Sin PretensionesGourmet Uruguay comfort food
Local dishes–Montevideo Uruguay food–just like Mamá made, served exquisitely in a vintage furniture store in the Old City. Gourmet chivitos, gnocchis on the 29th of the month & vegan icecream. Fresh local produce, great prices, and an attention to detail that is unusual in laid-back Montevideo
Sin Pretensiones, is a vintage furniture and gift store and gourmet restaurant in Montevideo’s Old City. Chef Guillermina Bauer who’s still in her twenties serves up delicious elegantly-served comfort food made with Uruguay’s freshest ingredients. All at a great price.
Sin Pretensiones opens all day for late breakfast, lunch and early (very by Uruguayan standards) dinner.
Though Guillermina is the public face of Sin Pretensiones, it’s very much a family concern. Over the years, the family has run a hotel in one of Argentina’s exclusive Patagonian ski resorts, a restaurant in glitzy Punta del Este and a boutique estancia, and it shows.
Ideal for an early 5-6pm dinner
Sin Pretensiones is not open in the evenings. However, they serve the lunchtime menu until closing. This is REALLY unusual in Uruguay where most kitchens close before 4pm and reopen at 8.
So if you are one of those travellers who just cannot get into the Latin American thang of dinner starts at 10pm, as long as you are fine with being out the door by 6.30pm , then Sin Pretensiones is going to be your saviour.
Prices are for the daytime business crowd and very reasonable. Main courses start around 300 pesos and there’s no cover charge.
Opening hours and all that stuff
Sarandí 366, Ciudad Vieja, Montevideo, Uruguay
Monday through Friday 9.30am-6.30pm.
They are closed in the evenings, though they will open for private functions.
To see the daily specials visit the Sin Pretensiones Facebook page at opening time. You’ll see photos of the main dish and dessert of the day, taken by Guillermina’s brother, Gaston.
Photos: Gastón at Sin Pretensiones
What to ask for at Sin Pretensiones
This is not a parrilla, so go elsewhere for huge mounds of meat.
The food is what I’d call rustic-chic. Here you’ll get what the locals might prepare at home, so think roasts, pizza, pastas and rice, quiches (called tartas) and stews (guisos) but taken to a whole other culinary level.
Their pizzas are a classic. The pizza crusts are very thin and crunchy topped with different topping like smoked salmon, proscuitto – known as jamon crudo in Spanish – and rocket (rúcula).
Then every day there are different entrees and desserts.
Some Thursdays there’s risotto. Last week as I wrote it was a broccoli risotto with a Camembert cream sauce (Uruguay produces some good cheeses if you know where to go). The week before the risotto featured pomegranate and Iberian ham.
Signature meat and fish dishes are lomo Zabala – a pork loin – and sturgeon (esturión). It’s very unusual to see sturgeon on a menu here though Uruguay is the only Southern Hemisphere country to produce high-quality caviar.
I recommend putting yourself in their hands and going with what they recommend that day. You won’t be disappointed.
Vegans and vegetarians
Same with vegans and vegetarians. You won’t find items specifically for vegans, diabetics or celiacs on the menu.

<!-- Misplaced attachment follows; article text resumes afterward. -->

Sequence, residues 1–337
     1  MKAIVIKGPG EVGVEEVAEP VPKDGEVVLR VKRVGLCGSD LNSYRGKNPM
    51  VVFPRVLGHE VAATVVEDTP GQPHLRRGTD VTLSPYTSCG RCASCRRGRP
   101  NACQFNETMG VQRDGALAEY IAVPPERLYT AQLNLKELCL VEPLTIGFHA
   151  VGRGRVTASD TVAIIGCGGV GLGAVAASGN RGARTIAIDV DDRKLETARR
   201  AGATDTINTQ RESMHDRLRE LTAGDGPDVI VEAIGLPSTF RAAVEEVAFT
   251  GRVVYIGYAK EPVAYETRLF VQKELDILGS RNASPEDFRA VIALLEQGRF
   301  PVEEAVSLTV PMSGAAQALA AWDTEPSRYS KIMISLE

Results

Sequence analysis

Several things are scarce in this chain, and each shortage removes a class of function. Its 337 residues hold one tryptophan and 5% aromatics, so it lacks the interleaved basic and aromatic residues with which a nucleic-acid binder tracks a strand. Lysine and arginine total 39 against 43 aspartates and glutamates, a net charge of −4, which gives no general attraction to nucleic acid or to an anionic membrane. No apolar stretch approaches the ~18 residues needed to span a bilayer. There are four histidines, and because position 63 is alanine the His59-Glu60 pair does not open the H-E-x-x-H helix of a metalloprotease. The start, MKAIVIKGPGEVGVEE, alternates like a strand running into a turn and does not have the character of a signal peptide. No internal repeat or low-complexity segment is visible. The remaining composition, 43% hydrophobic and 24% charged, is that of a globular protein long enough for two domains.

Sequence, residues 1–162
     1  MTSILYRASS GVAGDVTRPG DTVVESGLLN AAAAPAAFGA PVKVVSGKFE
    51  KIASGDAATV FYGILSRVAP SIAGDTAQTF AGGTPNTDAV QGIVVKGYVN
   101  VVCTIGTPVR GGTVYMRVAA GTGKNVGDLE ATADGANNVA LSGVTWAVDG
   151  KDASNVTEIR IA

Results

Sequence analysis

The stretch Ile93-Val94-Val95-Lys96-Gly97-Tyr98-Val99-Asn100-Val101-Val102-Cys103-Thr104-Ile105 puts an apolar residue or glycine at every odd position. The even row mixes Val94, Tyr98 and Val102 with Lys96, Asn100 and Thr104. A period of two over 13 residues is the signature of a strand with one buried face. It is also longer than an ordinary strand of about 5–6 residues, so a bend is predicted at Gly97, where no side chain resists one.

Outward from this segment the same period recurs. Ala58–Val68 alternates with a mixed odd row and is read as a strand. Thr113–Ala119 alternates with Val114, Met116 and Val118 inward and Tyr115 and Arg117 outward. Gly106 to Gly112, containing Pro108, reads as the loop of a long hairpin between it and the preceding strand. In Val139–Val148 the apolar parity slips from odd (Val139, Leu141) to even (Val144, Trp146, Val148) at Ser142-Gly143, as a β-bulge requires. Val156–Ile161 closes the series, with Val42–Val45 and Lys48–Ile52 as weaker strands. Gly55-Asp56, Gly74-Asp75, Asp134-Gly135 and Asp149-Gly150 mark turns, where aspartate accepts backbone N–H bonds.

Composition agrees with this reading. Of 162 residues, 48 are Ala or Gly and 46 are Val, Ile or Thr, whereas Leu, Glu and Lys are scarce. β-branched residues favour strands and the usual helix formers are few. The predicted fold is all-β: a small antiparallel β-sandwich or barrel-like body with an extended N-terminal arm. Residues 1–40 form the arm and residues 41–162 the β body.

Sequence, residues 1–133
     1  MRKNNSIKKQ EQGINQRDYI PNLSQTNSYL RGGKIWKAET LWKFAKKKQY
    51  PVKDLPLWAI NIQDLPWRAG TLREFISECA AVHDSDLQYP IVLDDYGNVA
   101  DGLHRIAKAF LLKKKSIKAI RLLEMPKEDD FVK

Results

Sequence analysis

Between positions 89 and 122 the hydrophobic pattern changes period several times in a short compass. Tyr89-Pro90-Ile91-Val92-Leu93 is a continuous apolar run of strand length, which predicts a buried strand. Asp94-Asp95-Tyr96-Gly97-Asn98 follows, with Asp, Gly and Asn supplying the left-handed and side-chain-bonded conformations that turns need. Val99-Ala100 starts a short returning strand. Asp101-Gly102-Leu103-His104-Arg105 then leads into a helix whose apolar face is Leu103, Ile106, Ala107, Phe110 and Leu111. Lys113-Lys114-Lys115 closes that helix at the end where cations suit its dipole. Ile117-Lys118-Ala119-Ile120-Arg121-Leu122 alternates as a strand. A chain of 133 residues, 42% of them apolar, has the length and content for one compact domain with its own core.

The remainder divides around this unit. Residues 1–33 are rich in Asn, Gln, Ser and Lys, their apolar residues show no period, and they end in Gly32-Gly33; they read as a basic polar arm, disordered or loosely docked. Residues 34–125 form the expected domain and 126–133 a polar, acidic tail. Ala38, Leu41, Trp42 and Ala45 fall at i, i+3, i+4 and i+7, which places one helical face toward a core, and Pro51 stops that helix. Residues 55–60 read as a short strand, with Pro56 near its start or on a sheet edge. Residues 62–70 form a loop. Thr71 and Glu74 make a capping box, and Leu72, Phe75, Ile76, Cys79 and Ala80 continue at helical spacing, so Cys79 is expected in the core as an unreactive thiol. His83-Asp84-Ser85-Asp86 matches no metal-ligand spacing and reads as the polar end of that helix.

But make your dietary need known and Guillermina will rustle up something just for you.
Oh, and they’ve just started stocking vegan icecream. Look out for a brand called Dolly.
29th of the month?
What will many Uruguayans and Argentinians be sitting down to eat? You can guarantee that a huge percentage will be scarfing down a plate of Italian gnocchis, or ñoquis as they are referred to in Spanish.
Find out why and after you do, go and have a plate at Sin Pretensiones.
Fresh juices and craft beer
I was surprised to find that Sin Pretensiones’ ultra popular home-made lemonade is offered unsweetened. This in Uruguay, where children are unashamedly raised on sugary snacks and drinks.
Made of lemon juice, grated peel, grated ginger and crushed fresh mint, a carafe for two appears at your table and you can ask for it with or without sugar. Try it without sugar first. You’ll become a convert.
Beside the lemonade, Sin Pretensiones makes a number of freshly-made juices with no colourings or additives including orange, apple, beetroot and bitter green leaves (verdes).
The craft beers available are all bottled locally.
Great prices and no cover charge
For the quality and presentation of the food, prices are really very reasonable. Main dishes cost around 10 USD and desserts around 5 USD. You can order a classic tarta with salad from 230 pesos, which is about 8 USD. All dishes come with home-made bread and a dip.
In addition, Sin Pretensiones has made it their policy not to charge the “cubierto” or cover charge so characteristic of Uruguayan establishments.
Why a restaurant and a vintage furniture store?
I was curious about the idea of combining the two types of businesses – a gourmet restaurant where the art-deco oak table you’re sitting at is up for sale.
Guillermina told me, “We wanted to create an environment where people feel like they are eating at our home. Or at their grandparents’.”
Sin Pretensiones translates as “unpretentious”. In reality with its rustic furniture, dried flowers and arty food presentation, Sin Pretensiones definitely does have pretensions. But of the good kind.
Because if serving quality food at a great price in a cosy setting is pretentious, then I’m all in.